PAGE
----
I’ve been fascinated by fantasy maps for a long time. As a voracious reader of many novels both science fiction and fantasy, you get used to see maps at the beginning of the novel in your hands. Often these are big, elaborate affairs, where mountain ranges sprawl for hundreds of miles and towns with strange unpronounceable names dot the landscape. Finding the locations mentioned in the novel is fun, but it can be even more exciting to read the names of locales that aren’t mentioned, and wonder what’s to be found in that particular town or strange forest. ”Normal” fiction often doesn’t have these maps, and understandably so – it’s less necessary for the reader to have a map of Los Angeles than it is to include a map of Westeros. Most people are well aware of where Los Angeles can be found in relation to the rest of the United States. King’s Landing or Hobbiton might be a bit harder to relate to.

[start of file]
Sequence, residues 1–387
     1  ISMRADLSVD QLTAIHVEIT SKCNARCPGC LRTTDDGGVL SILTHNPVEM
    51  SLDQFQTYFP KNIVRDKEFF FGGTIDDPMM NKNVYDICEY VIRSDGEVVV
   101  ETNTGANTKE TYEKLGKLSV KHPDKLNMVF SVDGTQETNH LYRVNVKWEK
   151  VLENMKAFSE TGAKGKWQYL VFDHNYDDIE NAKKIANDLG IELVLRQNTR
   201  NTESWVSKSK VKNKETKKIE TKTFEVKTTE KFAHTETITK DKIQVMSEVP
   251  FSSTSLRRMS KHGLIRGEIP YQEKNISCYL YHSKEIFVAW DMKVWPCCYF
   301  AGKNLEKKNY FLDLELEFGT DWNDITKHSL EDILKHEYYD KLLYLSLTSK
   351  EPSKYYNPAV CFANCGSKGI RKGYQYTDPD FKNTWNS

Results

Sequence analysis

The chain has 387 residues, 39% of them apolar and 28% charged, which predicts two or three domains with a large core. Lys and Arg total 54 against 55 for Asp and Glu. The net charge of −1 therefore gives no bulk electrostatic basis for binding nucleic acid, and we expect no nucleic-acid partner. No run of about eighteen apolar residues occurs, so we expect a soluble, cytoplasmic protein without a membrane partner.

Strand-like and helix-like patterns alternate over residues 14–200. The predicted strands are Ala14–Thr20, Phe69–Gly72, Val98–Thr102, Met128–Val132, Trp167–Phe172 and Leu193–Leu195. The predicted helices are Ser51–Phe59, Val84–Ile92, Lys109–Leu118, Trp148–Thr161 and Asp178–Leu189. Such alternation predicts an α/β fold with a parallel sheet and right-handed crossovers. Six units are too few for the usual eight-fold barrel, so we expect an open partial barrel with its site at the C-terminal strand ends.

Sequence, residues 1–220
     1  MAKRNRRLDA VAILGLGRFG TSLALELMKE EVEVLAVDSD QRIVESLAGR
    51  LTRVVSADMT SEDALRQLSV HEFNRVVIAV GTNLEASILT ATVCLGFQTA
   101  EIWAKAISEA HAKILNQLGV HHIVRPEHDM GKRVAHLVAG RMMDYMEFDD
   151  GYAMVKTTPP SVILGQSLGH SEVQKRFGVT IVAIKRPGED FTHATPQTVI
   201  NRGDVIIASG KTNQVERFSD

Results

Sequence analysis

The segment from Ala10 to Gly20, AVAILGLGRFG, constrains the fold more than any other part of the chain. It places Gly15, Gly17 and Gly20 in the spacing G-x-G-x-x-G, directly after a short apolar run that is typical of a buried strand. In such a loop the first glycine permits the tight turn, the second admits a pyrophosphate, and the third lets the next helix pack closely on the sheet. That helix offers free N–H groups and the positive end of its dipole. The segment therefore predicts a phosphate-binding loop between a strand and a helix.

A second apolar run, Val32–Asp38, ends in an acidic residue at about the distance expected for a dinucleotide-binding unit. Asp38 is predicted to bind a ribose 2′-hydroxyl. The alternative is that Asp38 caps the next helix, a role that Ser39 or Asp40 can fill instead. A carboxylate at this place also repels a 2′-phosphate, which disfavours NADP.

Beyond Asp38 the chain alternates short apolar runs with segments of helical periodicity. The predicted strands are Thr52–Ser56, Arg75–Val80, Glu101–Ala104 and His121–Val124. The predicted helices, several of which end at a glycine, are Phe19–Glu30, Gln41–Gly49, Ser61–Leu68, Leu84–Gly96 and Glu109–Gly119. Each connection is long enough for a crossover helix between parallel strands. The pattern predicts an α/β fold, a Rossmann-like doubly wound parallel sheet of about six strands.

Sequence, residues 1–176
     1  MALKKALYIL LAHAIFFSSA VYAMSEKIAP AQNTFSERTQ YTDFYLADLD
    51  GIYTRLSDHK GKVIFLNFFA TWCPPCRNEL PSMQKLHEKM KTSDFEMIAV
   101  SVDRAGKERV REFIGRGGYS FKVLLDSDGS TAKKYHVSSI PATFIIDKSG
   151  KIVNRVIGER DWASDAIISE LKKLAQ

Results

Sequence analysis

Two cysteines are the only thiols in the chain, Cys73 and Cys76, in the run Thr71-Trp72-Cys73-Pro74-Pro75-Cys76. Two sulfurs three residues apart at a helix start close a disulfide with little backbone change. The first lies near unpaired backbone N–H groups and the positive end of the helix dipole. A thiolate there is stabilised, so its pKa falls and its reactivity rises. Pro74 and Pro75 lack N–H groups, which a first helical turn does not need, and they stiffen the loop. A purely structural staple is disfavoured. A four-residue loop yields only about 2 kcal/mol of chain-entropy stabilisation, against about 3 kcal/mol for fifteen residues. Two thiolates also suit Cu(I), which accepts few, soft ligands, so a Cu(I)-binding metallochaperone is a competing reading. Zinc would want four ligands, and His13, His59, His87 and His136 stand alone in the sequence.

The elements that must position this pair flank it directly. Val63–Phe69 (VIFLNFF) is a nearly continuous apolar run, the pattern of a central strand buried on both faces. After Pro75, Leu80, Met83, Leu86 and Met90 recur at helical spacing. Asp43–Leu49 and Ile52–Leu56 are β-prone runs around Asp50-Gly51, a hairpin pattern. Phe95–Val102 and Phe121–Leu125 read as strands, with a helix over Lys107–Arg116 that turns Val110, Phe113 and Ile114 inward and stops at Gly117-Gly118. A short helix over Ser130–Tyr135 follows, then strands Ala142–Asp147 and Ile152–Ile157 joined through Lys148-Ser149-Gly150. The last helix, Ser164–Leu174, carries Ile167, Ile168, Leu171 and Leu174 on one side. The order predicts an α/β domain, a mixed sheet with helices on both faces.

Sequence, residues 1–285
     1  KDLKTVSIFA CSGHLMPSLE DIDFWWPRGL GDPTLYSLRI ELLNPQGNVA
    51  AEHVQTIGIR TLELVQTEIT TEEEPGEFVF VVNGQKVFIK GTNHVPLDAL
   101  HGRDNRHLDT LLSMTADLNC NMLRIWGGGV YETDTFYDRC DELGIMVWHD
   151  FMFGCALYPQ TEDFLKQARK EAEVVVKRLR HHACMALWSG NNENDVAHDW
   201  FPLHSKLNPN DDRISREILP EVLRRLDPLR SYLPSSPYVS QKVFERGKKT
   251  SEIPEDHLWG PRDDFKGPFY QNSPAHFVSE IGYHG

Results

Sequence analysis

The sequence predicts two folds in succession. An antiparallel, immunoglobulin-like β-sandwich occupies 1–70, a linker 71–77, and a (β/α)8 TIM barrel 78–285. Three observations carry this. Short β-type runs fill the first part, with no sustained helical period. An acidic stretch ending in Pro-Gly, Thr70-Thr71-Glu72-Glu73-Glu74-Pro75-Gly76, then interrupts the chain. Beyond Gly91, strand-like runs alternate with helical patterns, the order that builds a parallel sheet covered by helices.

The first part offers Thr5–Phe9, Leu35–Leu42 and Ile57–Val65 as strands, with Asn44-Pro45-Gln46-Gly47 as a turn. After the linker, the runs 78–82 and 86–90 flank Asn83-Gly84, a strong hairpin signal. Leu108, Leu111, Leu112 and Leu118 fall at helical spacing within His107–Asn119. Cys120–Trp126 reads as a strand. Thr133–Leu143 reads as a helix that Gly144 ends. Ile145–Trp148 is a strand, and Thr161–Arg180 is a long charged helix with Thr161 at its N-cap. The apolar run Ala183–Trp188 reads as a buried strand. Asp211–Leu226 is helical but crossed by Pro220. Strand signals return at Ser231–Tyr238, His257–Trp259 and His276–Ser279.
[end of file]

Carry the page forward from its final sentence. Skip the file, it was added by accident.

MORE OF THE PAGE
The past few days I’ve been working on the map from The Hobbit. I loved it when I first discovered the book in middle school, and I still love it today. It’s full of little details, and tells you exactly where Bilbo and Co. traveled in their adventure to the Lonely Mountain. I’m working on transcribing the map from the paperback novel I’m borrowing from a friend onto a big piece of Bristol paper, measuring 9 inches by 12. Doing so is giving me a chance to work on regular terrain features like forests and mountains, which are generally pretty abundant on fantasy worlds. I’ve finished inking the forest of Mirkwood, and the next step is to do the Misty Mountains. In today’s blog post, I’d like to share a progression of my work, starting with the Lonely Mountain and ending with the finished forest.